NM asks DOD to ‘come in line’ with Biden administration

Laura Paskus

November 10, 2021

Recently, the U.S. Environmental Protection Agency (EPA) granted, in part, a petition from New Mexico Governor Michelle Lujan Grisham, requesting that the agency list four types of per- and polyfluoroalkyl substances (PFAS) as hazardous waste under a federal pollution law.  

Now, New Mexico is asking the U.S. Department of Defense to drop its lawsuit against the state and agree to clean up PFAS pollution from Cannon and Holloman Air Force bases. 

“In accordance with the Biden-Harris Administration efforts to protect Americans from PFAS and [EPA] Administrator Regan’s binding commitment to Governor Michelle Lujan Grisham, I urge you to end the DOD’s and U.S. Air Force’s litigation efforts and begin working cooperatively with New Mexico to comply with federal and state law by implementing RCRA corrective action,” New Mexico Environment Department Secretary James Kenney wrote in a Nov. 10 letter to Secretary of Defense Lloyd Austin. “Continued insistence on the Trump Administration’s litigation is untenable and indefensible as a matter of public policy, good governance, and simple conscience.” 

PFAS are a class of thousands of toxic, human-made chemicals that have been linked to reproductive and developmental problems, liver and kidney disease, and immune system problems. Exposure to PFAS has also been tied to high cholesterol, low infant birth weights, thyroid hormone disruption, and cancer, including non-Hodgkin’s lymphoma and kidney, testicular, prostate, and ovarian cancers.  

In New Mexico, toxic firefighting foams used at Cannon and Holloman Air Force bases contaminated groundwater with high levels of PFAS. In 2018, the Air Force notified state officials and local well-owners of the pollution, but the military has yet to map the extent of the pollution plumes or begin cleanup.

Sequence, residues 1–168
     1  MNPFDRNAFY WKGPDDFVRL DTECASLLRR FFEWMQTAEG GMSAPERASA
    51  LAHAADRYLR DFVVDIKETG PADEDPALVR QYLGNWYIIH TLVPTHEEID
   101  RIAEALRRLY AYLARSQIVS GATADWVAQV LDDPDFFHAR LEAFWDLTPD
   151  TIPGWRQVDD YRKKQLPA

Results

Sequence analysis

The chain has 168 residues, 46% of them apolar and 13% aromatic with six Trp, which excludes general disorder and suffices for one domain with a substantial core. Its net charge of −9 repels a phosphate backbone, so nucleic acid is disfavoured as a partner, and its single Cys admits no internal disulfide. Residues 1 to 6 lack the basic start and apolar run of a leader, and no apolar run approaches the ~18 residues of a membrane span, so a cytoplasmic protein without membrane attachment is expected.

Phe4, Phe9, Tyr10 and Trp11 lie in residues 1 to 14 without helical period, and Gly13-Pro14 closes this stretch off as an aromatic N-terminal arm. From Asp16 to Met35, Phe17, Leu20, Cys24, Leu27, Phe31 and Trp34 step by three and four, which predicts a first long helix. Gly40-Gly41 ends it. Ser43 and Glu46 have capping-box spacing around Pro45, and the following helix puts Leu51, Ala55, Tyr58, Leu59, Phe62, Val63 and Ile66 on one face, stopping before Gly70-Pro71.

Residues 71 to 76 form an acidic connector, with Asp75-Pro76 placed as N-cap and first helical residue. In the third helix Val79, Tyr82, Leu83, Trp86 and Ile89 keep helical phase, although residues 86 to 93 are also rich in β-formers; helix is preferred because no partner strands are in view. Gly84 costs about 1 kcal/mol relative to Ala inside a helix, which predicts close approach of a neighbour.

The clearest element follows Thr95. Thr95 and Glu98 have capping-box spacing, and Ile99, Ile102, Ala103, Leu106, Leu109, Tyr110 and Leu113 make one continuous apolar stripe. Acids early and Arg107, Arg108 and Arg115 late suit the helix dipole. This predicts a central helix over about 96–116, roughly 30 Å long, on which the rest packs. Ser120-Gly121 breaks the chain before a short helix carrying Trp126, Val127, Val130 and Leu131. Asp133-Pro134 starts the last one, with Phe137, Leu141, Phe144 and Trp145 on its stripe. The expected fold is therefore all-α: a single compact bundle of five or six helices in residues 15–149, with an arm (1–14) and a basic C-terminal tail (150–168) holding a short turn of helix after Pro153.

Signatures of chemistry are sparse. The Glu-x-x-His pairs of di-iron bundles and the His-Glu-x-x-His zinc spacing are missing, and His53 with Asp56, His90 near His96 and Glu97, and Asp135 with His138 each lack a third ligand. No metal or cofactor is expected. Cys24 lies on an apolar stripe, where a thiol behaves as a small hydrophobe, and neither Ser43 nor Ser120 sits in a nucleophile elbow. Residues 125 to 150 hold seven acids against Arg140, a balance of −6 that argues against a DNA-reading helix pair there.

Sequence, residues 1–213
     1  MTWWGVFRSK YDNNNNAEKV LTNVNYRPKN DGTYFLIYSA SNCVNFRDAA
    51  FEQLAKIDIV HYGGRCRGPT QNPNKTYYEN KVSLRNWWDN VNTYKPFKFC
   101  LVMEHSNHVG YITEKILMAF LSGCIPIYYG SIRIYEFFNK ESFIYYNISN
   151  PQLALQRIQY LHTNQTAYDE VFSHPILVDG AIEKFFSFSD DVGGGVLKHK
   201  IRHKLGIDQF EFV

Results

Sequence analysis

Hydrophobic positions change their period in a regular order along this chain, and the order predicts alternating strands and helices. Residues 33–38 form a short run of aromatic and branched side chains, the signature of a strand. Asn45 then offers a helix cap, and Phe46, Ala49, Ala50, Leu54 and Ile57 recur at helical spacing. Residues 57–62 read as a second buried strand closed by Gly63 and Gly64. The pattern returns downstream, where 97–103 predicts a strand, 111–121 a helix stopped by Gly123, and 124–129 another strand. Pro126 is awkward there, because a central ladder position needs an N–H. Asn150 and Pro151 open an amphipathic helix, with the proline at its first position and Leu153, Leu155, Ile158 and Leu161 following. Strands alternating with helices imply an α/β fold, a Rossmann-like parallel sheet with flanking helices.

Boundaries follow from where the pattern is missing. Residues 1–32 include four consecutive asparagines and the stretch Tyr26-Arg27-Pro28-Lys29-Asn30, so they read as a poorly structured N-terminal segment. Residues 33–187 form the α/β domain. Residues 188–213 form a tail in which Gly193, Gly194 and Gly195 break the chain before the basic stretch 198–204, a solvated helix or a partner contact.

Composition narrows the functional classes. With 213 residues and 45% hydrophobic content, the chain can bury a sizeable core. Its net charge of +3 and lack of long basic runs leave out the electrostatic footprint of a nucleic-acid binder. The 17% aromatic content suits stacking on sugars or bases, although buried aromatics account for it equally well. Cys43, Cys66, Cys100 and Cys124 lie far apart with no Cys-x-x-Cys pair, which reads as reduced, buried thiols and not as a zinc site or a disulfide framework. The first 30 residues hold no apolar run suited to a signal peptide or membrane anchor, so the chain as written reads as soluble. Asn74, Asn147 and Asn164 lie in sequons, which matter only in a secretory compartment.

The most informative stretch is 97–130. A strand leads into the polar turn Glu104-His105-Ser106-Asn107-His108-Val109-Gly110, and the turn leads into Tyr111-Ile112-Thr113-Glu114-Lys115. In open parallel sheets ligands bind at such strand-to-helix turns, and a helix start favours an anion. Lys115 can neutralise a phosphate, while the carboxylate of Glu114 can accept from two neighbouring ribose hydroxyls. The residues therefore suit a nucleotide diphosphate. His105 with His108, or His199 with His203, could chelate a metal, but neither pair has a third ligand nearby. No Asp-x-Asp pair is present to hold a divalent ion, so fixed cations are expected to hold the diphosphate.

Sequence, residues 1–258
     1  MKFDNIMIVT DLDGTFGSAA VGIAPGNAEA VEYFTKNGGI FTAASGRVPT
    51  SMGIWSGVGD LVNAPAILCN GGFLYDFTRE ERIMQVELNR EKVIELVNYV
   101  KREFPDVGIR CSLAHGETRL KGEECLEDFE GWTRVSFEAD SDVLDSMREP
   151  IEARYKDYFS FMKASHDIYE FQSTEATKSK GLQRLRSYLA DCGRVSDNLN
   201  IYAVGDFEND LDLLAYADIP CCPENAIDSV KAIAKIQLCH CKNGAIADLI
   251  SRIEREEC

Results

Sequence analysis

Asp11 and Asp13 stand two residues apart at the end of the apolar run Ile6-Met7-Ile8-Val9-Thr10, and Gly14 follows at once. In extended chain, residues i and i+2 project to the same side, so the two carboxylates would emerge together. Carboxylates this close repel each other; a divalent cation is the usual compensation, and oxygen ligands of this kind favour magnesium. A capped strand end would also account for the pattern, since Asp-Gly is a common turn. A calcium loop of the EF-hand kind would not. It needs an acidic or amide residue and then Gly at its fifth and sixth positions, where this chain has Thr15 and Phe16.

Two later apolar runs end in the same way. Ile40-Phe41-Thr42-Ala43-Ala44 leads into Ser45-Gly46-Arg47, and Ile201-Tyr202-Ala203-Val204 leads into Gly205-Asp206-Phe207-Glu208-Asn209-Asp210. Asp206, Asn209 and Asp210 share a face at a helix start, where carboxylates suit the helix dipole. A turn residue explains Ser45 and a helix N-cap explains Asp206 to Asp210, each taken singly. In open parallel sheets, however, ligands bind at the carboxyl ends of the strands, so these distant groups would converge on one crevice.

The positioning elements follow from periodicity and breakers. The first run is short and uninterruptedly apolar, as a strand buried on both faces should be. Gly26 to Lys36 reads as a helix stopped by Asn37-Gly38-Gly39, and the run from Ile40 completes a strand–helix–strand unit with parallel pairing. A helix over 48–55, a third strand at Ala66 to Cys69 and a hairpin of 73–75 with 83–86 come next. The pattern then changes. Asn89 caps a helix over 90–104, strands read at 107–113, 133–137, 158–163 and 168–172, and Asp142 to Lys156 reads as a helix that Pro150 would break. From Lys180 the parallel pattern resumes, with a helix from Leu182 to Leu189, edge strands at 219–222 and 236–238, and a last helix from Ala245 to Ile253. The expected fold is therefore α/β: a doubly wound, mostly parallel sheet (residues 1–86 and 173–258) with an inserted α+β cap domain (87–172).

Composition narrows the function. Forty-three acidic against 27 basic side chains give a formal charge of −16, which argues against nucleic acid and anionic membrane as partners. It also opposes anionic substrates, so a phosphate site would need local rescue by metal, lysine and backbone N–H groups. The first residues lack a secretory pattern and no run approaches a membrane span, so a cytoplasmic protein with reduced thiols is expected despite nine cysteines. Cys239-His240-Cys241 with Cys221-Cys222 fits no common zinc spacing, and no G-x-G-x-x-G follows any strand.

When the state of New Mexico tried to compel the military to clean the pollution under state hazardous waste rules, the military sued, saying the state lacked the authority to require action. (New Mexico filed a second lawsuit, asking a federal judge to compel cleanup, but that lawsuit has gotten mired in multi-district litigation in a South Carolina court.) 

According to the EPA’s earlier letter to Lujan Grisham, the agency will move forward in creating a rule classifying four types of PFAS as hazardous waste under the Resource Conservation and Recovery Act (RCRA). Although it’s a federal law, provisions within RCRA authorize states to implement regulations related to both hazardous and non-hazardous waste within their boundaries.  

The EPA will also propose a second rule to broadly clarify that states can require clean-up of any waste that meets the RCRA statutory definition of a hazardous waste. 

“The EPA now agrees with us that those chemicals, once they’re in groundwater, are a waste and they’re hazardous—they're a hazardous waste,” said Kenney in an interview this week with NMPBS.  

Dumping PFAS in New Mexico is illegal, said Kenney, “pure and simple.” 

The Defense Department needs to “come in line with the rest of the federal government and the state of New Mexico and actually play ball here,” Kenney said, adding, “To say that they don’t have to take responsibility for the waste they got into our groundwater is absolutely ridiculous. No other entity of the state of New Mexico has the ability to do that—and neither do they.”

Corresponding Letters Regarding PFAS:

If you’ve been affected by PFAS contamination in your community here in New Mexico, call our tip line at (505) 433-7242. To read more coverage of PFAS in New Mexico visit “Groundwater War: New Mexico’s Toxic Threat,” which includes a timeline of events and studies on PFAS.